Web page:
White Paper: Rebates, Gifts, and Inducements

Most states prohibit rebates and have made many inducements illegal. That is paying, allowing, giving, or offering something that is not specified in the contract as a way to induce the purchase of an insurance contract. When something is considered a rebate or inducement varies from state to state. Some states provide additional guidance about what the statutory language means, but not all states do. For many, the law is the only guidance.

There are two states that are the big exceptions to the rule when it comes to rebating. Florida and California. These two states do not prohibit rebating, although there are differences between them.

There are some innovative programs under discussion and in the early stages of implementation that may test some of these long-standing rules and norms of the industry. This is likely to result in re-thinking some of these old standards. If a new idea for a program lands on your desk, we've provided some analytical tools in this white paper that may be helpful to you as you grapple to determine whether such a program fits within the regulatory framework. The biggest challenge is the lack of specific guidance in many states.

Download our free white paper to learn more.

Rebate, Gift, or Inducement – What Does It Matter?

No doubt everyone likes to get something extra, something for free, or a little treat now and then, right? Who doesn't like a good BOGO (buy one, get one) sale? Or that added incentive to buy big: purchase a $100 gift card, get a $25 gift card for free. Score! No big deal, right?

But if we’re talking about gifts in connection with the sale of insurance or annuity products, it IS a big deal, and one that can land you in hot water with state insurance regulators. Most insurance departments have published regulations that limit what, if anything, an insurance agent or carrier can give to prospective or existing clients as a gift. Some states have what I call a “zero tolerance” for gifts of any kind that are offered as a means to induce a consumer to purchase an insurance product. In these states, their rules generally state that gifts “of any valuable consideration or inducement not specified in the policy” are prohibited.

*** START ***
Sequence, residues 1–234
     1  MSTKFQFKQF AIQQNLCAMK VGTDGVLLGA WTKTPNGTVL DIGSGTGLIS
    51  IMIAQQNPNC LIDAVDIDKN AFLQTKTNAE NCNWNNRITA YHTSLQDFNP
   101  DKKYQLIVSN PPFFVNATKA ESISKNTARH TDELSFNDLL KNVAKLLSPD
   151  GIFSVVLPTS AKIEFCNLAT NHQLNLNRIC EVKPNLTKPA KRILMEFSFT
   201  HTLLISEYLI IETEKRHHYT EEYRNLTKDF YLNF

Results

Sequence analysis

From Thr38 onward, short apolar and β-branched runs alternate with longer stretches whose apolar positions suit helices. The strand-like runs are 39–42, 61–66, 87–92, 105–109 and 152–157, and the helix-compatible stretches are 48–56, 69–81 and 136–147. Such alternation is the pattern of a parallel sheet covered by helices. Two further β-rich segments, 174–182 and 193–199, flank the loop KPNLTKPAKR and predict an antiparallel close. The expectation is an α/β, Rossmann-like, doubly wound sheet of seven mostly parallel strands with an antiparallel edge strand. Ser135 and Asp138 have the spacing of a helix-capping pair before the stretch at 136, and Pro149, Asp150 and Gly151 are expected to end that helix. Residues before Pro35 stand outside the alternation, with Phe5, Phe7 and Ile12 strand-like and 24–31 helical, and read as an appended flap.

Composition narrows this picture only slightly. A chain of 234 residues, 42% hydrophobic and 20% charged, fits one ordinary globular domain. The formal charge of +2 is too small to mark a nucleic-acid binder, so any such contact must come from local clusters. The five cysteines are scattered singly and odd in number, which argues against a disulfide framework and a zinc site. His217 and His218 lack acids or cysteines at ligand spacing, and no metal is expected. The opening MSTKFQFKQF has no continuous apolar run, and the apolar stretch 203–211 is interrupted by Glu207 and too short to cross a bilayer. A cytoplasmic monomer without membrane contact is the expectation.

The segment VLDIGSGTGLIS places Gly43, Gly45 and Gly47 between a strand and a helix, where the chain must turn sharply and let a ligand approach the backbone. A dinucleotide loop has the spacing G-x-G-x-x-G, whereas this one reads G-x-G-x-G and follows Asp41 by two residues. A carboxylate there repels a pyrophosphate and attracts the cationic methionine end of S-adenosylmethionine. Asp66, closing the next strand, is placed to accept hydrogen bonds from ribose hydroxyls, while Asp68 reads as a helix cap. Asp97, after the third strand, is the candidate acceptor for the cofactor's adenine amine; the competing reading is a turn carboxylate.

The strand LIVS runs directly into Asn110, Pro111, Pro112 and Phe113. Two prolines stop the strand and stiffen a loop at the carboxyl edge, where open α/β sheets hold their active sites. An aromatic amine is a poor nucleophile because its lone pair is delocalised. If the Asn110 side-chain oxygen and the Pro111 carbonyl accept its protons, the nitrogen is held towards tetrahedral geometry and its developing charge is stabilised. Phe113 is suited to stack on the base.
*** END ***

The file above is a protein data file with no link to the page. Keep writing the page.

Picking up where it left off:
Other states have similar wording in their regulations, but they still allow gifts up to a certain limit to be provided, with amounts generally in the $5-50 range per consumer, per year. There are outliers, though. For example, the state of Idaho includes this same wording in their regulations, yet has the highest limit of $200 per person, per year. It’s also important to note that some of the states that do allow certain gifts not only have a monetary limit, but only allow the gifts to be given if they are unrelated to and not dependent on the purchase of insurance.

Whether you call it a rebate, a gift, or an inducement, the basic premise of the rule is the same – state insurance regulators want clients on even footing when it comes to the policies they purchase. To pass the rebate test in most states, any benefit must be expressly stated in the insurance or annuity policy, and provided to everyone who purchases the product. This also helps to ensure that consumers are not influenced to purchase a product primarily because of the gift, and that they have a real need for the product itself.

According to the NAIC Unfair Trade Practices model regulations (Model Reg 880-4(H)(1)), “Paying, allowing, giving or offering any of the following, if not specified in the contract, is an unfair method of competition and an unfair or deceptive act: